Financial advisors who serve business owner clients know how critical it is for these clients to have an exit strategy from the business. The business is often their largest asset or at least a significant component of their wealth. It’s also a key part of the business owner’s identity in many cases.
Here are some considerations in crafting a business exit strategy.
How will the ownership of the business be transferred?
There are a number of alternatives for transferring the ownership of a business. Your help can be essential to your client in deciding the best course of action for their situation.
Outright sale to a third-party
This entails selling the business to an outside entity. It will typically be a cash sale. The owner will generally exit the firm immediately or after a transition period.
Transferring ownership within the family
This might be appropriate if there are family members involved in the business or those who would like to be involved. There are a number of considerations here, not the least of which is, are these family members qualified to run the business on an ongoing basis?
Selling/transferring ownership to a co-owner or partner
If your client has a co-owner or business partner, there should be a mechanism in place to facilitate transferring your client’s ownership interests to these partners. If there is no plan in place, you should work with your client to ensure this is done. Your role can be to facilitate the process among owners and outside advisors as needed.
Selling the business to key employees
In some cases, it may make sense to sell the firm to one or more key employees. These might be senior managers or key long-time employees. They likely have the experience and client relationships to help the business continue to the next level.
Key planning considerations
Each of these types of transactions have some unique aspects, but here are key planning considerations that you should help your client work through.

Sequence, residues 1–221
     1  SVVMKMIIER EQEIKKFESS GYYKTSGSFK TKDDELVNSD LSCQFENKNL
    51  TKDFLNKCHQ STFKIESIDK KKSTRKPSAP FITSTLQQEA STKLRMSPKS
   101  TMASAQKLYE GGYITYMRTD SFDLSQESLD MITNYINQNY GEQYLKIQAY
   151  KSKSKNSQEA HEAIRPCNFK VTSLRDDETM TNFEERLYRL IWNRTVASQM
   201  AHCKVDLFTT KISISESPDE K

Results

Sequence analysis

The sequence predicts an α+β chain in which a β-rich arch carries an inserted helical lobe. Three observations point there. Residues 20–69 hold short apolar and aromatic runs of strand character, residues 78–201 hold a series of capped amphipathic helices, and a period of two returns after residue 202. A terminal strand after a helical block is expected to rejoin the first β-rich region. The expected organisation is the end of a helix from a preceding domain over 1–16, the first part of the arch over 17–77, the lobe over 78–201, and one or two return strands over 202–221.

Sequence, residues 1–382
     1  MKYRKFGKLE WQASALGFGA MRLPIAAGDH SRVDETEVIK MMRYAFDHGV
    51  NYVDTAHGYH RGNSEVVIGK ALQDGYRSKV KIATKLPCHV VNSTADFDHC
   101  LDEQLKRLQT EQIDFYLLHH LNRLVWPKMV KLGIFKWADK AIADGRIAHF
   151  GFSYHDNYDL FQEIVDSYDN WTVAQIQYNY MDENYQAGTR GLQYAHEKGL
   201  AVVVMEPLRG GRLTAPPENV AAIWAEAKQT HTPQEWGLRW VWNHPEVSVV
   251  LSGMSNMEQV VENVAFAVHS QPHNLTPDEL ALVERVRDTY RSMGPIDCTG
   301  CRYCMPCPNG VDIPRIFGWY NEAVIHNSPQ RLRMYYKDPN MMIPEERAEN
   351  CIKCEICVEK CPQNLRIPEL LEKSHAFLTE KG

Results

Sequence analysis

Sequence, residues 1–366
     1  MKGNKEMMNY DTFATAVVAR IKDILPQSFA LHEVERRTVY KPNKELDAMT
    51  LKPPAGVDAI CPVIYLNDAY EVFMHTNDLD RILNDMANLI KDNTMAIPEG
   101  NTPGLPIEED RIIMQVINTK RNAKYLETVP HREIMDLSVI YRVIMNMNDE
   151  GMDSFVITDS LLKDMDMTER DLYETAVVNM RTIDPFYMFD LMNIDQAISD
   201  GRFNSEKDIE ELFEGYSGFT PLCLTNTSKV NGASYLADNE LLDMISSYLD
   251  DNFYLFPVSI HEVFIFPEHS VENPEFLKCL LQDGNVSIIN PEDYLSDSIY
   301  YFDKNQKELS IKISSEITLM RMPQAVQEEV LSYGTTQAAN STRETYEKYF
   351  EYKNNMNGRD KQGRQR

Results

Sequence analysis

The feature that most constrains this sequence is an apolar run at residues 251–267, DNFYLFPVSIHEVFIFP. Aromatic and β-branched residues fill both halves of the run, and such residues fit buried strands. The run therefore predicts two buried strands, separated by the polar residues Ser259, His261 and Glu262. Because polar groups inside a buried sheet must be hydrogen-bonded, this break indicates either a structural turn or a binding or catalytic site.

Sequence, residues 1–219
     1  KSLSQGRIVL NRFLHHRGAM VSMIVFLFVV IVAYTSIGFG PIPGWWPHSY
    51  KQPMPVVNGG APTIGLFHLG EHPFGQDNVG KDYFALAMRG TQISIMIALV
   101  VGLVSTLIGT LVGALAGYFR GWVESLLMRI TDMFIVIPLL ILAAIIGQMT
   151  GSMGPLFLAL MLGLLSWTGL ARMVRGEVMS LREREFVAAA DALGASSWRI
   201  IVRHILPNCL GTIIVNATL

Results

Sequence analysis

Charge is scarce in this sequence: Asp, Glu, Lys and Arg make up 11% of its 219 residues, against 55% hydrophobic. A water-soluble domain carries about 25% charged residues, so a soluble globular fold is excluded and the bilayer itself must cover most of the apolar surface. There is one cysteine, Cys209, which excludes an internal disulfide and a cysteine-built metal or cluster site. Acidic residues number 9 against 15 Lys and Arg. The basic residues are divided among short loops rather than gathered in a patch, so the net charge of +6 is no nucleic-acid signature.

- How will your client be compensated? As mentioned above, an outright sale to a third-party will generally be a cash transaction. But in the case of selling to a partner, transferring the business within the family or selling to key employees, it’s important to map out a specific methodology for any payment for the business.
- Tax and estate planning considerations. Again, depending upon the method of transferring ownership, income and estate plan tax issues might come into play. Your planning should address these issues and help the client create a strategy to minimize these issues to the extent possible.
- Make sure your client is saving for retirement. This is critical and can be a source of value to them especially in the event the transfer of the business doesn’t pan out well financially. Having a business retirement plan in place, of course, has many benefits for your client.
- Ensure the business is set up to run without them. It’s important to prod your client, if needed, to take steps to ensure the business can run without them. It can be tough for them to let go, but this is a critical step.
- Obtain an outside, independent valuation for the business. This is a key number in a lot of respects, including tax considerations and a potential selling price.
Your business owner clients need your guidance in crafting an exit strategy from their business. Whether it’s specific advice or helping them coordinate the efforts of several advisors, such as a tax advisor, attorney or others, your role as their trusted advisor can be key to the success of this process.